EAST RUTHERFORD, NEW JERSEY - NOVEMBER 10: Daniel Jones #8 of the New York Giants passes against the New York Jets during their game at MetLife Stadium on November 10, 2019 in East Rutherford, New Jersey.
(Photo by Al Bello/Getty Images)

New York Giants quarterbacks coach Jerry Schuplinski talks about resolving Daniel Jones’ ball security issues.

Jason Leach

Although there’s serious excitement surrounding New York Giants quarterback Daniel Jones, there is one gaping hole in his game right now: ball security.

Jones threw 12 interceptions and led the NFL with 18 fumbles (11 lost) during his rookie season. When you turn over the ball at that rate, it’s almost impossible to overcome.

Head coach Joe Judge and offensive coordinator Jason Garrett will work with Jones on his turnover issues, but the third voice in the room might help the young quarterback the most. That third voice is quarterbacks coach Jerry Schuplinski.

Last week, Schuplinski spoke about Jones’ turnover issues, and if his willingness to stay in the pocket and take hits contributes to his turnovers.

“I admire his toughness, he’s a tough guy,” Schuplinski told reporters. “He works hard, he’s really passionate about the game. I think, ultimately, we need to be smart with the ball as a quarterback room and as a quarterback, in general. We have to make the right decisions. I think there is a time to get down and protect the ball, and I think there is a time to go ahead and go forward in certain situations, a short-yardage thing when you have to get a first down.”

“I think the biggest thing when we do have that opportunity to go through is really covering up the ball and make sure we take good care of it,” he continued. “The last thing we want is the ball on the ground.”

Players typically make their biggest leap from year one to year two as they adjust to the speed of the game, and they add strength from a full offseason workout program. In fact, the last two league MVPs—Patrick Mahomes and Lamar Jackson—won it in their second seasons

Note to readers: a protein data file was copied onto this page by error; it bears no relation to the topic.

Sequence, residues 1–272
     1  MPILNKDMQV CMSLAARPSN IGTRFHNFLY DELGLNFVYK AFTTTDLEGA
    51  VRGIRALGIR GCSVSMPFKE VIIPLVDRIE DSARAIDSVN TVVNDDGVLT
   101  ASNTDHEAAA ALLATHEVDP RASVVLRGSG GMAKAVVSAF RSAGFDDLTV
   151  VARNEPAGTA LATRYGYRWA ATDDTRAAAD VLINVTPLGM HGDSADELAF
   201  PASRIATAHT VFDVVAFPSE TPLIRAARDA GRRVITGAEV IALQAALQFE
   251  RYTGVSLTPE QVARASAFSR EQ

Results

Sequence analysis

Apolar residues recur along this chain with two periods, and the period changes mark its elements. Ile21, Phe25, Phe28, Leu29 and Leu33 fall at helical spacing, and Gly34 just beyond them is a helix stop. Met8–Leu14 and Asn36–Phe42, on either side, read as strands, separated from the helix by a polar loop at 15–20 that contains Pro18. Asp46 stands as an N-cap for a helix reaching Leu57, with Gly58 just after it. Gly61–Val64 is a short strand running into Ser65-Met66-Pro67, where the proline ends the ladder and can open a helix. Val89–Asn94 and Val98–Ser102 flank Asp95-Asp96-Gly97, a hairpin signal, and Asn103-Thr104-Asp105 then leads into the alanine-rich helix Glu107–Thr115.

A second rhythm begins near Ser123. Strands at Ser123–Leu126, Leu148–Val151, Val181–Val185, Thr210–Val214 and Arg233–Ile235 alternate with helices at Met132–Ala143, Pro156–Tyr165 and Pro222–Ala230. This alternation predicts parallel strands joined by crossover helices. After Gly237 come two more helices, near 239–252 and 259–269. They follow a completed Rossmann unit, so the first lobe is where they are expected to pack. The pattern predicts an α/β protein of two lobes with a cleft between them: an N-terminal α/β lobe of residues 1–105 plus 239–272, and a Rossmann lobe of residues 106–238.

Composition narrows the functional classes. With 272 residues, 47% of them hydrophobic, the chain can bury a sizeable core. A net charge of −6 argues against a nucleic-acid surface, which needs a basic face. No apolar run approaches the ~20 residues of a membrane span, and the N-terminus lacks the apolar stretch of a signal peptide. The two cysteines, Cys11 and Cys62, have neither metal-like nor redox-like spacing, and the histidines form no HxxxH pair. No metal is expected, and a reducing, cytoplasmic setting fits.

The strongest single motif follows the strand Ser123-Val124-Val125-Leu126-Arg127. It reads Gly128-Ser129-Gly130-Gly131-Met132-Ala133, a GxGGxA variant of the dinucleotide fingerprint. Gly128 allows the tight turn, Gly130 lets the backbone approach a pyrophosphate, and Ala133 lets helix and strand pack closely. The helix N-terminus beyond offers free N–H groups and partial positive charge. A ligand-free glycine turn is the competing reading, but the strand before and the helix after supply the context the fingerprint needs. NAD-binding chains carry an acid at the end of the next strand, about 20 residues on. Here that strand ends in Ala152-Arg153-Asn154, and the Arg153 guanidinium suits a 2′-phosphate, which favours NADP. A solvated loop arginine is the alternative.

As talented as Jones is, it’s farfetched to consider him an MVP candidate, especially when few consider the Giants a playoff team. But Jones has added eight to nine pounds of muscle this offseason, which should help him absorb hits while maintaining possession.

Schuplinski was asked if he spoke to Jones during the offseason about trying to add muscle.

“It’s never something that we discussed with him about trying to get bigger and stronger,” Schuplinski admitted. “I think it’s probably a progression of being in our strength program and our conditioning. He’s a really good worker and one of the best I’ve seen from a young guy. I think that’s a testament to him. In terms of what it does for him on the field, hopefully, it makes him a little more durable when he is taking hits in there.”

If Jones can cut his number of turnovers from last year in half, he’ll put the Giants in position to win the close games they lost last season. Who knows, maybe the Giants will surprise people and make a push towards the playoffs. Four of the games that the Giants lost with Jones as the starter were by seven points or fewer.

If Jones can fix his turnover issues, the offense can be among the best in the conference, provided they stay healthy. If he’s still turning the ball over at an alarming rate, then expect the Giants to have another double-digit loss season.

Jason's first love was football while growing up in northern New Jersey. For the past three years, he has covered the New York Giants, as well as several boxing events along the East Coast.